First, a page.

A n article in the Pennsylvania Department of Agriculture's 1906 Zoological Bulletin leaves no doubt about the Commonwealth's official stance on the hoop snake:
[the hoop snake] is entirely without foundation of truth.So confident was the department that it issued a $500 reward for a specimen, living or dead.
No one came forward to claim the reward, but does that mean the hoop snake never existed - or that it had become rare (or even extinct) by the time of the offer?
The hoop snake, as might be guessed, propelled itself by grabbing its venomous, horned tail in its own mouth and rolling rapidly toward its prey, like a wheel racing down hill. Once it trapped its target, the hoop snake shot the poisonous, barbed tip of its tail into the victim, killing it nearly instantly. And while scientists dismiss such tactics as physically impossible, many Pennsylvanians swore on the reptile's existence.
The Sunbury American reported in August of 1875 that a hoop snake, "very rare in this section, was killed in Westmoreland County."
Eight years later The Huntingdon Journal reported that a horned-tailed hoop snake of three feet, five inches in length was killed in Bedford County by a group of men who had the misfortune of meeting it on their leisurely walk to Sunday prayer meeting.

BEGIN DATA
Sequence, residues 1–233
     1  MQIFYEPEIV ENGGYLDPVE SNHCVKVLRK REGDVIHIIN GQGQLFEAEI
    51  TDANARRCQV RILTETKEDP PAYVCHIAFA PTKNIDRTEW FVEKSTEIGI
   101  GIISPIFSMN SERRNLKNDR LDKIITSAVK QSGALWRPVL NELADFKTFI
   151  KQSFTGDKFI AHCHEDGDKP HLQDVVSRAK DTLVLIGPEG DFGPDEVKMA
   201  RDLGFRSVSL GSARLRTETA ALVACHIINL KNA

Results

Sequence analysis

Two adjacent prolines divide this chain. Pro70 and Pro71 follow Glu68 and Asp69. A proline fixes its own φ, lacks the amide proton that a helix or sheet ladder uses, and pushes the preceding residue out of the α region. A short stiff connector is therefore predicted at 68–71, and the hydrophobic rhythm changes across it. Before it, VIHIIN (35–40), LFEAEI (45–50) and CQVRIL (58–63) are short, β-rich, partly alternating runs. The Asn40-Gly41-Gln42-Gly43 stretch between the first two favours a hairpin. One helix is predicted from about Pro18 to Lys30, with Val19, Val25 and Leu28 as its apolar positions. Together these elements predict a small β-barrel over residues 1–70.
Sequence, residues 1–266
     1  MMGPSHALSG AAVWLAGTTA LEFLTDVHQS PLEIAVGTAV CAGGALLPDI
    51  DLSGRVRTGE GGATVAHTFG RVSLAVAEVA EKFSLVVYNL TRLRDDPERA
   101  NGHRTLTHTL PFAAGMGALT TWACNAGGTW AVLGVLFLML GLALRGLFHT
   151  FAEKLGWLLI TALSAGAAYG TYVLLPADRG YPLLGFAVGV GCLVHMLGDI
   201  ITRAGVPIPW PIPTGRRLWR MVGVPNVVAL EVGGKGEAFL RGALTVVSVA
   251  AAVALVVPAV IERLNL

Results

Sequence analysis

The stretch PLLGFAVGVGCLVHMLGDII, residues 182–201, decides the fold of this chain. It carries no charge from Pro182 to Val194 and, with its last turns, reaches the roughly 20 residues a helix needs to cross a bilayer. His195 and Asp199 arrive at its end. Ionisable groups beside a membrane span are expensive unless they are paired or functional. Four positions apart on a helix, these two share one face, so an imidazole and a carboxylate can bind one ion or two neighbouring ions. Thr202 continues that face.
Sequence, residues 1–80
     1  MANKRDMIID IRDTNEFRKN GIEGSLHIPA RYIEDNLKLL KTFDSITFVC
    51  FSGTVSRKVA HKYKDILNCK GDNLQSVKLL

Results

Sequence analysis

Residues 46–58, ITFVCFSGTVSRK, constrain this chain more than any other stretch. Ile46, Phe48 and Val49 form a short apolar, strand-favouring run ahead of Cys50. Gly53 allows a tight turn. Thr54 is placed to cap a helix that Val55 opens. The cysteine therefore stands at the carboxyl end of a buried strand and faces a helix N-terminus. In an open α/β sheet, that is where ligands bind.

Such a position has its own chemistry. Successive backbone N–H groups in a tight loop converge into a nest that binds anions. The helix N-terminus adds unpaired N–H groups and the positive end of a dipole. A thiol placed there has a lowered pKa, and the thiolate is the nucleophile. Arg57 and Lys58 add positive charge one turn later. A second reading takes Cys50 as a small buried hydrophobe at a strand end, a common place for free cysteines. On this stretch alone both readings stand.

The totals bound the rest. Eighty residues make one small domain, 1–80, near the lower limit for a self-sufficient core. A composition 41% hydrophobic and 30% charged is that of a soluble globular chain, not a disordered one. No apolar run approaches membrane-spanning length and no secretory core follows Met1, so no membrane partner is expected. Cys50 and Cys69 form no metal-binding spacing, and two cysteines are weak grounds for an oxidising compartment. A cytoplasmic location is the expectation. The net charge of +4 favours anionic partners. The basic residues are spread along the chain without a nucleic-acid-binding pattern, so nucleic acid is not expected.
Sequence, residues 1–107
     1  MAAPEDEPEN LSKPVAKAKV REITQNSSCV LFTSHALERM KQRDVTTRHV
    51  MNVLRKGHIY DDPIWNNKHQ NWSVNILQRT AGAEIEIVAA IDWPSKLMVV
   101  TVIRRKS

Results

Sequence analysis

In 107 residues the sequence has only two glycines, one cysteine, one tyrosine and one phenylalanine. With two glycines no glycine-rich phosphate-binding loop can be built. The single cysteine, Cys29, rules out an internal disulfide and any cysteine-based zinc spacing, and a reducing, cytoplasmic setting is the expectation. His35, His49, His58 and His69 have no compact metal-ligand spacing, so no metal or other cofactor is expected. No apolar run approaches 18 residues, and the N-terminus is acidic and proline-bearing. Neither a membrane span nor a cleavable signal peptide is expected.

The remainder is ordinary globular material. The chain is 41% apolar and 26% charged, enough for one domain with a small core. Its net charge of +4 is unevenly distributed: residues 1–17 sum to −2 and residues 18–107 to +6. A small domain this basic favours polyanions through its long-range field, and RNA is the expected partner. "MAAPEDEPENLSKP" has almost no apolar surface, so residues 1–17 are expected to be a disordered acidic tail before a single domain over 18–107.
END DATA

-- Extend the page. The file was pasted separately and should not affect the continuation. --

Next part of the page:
In 1888, conductor Addy Kirk of the Pittsburgh Division of the Pennsylvania Railroad shared the story of his encounter with a hoop snake, a frightening event that occurred while he worked as a farm hand in Warren County, Illinois. One day, while picking blackberries in the woods, Kirk saw a snake rolling rapidly toward him. He quickly side-stepped the predator which instead drove its horned tail into the two-foot trunk of a white oak tree.
Kirk watched in horror as the snake, while trying to extract its tail from the tree trunk, lashed so violently that it killed itself. Satisfied that the reptile was no longer a threat, he ran to his employer's home, retrieved an axe and returned to cut the snake's tail from the thick bark. Upon closer inspection he realized just how lucky he had been: the barb was hard, nearly two inches in length, and filled with a liquid he could only assume was poison.
Just six years before the Zoological Bulletin dismissed hoop snakes as mere myth, Captain George W. Crede Jr. also killed what he believed to be a hoop snake - this one on his company's rifle range near Blairsville, Pennsylvania. He described it as three feet long with a horned tip on its tail about one-and-a-half inches in length. A farmer passing by agreed with the identification.
If the hoop snake, as the Pennsylvania Department of Agriculture insisted, was just a legend - what were these men looking at...?
And, if the hoop snake is real, is it possible that there are still a small number alive today, rolling through the state's fields and orchards and forests? Hauntingly PENNSYLVANIA™ can't say for sure - but we'd like to hear from anyone who thinks they might know. 💀